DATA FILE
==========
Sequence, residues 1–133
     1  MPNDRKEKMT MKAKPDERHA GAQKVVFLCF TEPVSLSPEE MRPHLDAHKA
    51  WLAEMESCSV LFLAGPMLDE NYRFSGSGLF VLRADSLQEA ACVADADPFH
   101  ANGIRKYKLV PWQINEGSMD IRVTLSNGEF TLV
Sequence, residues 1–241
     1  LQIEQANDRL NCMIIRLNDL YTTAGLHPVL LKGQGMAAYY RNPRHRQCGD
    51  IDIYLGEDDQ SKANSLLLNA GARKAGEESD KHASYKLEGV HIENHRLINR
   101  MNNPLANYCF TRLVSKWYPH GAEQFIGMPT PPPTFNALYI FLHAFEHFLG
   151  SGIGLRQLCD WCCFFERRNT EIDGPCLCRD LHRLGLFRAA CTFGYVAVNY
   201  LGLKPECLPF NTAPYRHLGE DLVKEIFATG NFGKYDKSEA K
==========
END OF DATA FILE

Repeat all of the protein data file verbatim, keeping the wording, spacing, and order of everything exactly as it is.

Sequence, residues 1–133
     1  MPNDRKEKMT MKAKPDERHA GAQKVVFLCF TEPVSLSPEE MRPHLDAHKA
    51  WLAEMESCSV LFLAGPMLDE NYRFSGSGLF VLRADSLQEA ACVADADPFH
   101  ANGIRKYKLV PWQINEGSMD IRVTLSNGEF TLV
Sequence, residues 1–241
     1  LQIEQANDRL NCMIIRLNDL YTTAGLHPVL LKGQGMAAYY RNPRHRQCGD
    51  IDIYLGEDDQ SKANSLLLNA GARKAGEESD KHASYKLEGV HIENHRLINR
   101  MNNPLANYCF TRLVSKWYPH GAEQFIGMPT PPPTFNALYI FLHAFEHFLG
   151  SGIGLRQLCD WCCFFERRNT EIDGPCLCRD LHRLGLFRAA CTFGYVAVNY
   201  LGLKPECLPF NTAPYRHLGE DLVKEIFATG NFGKYDKSEA K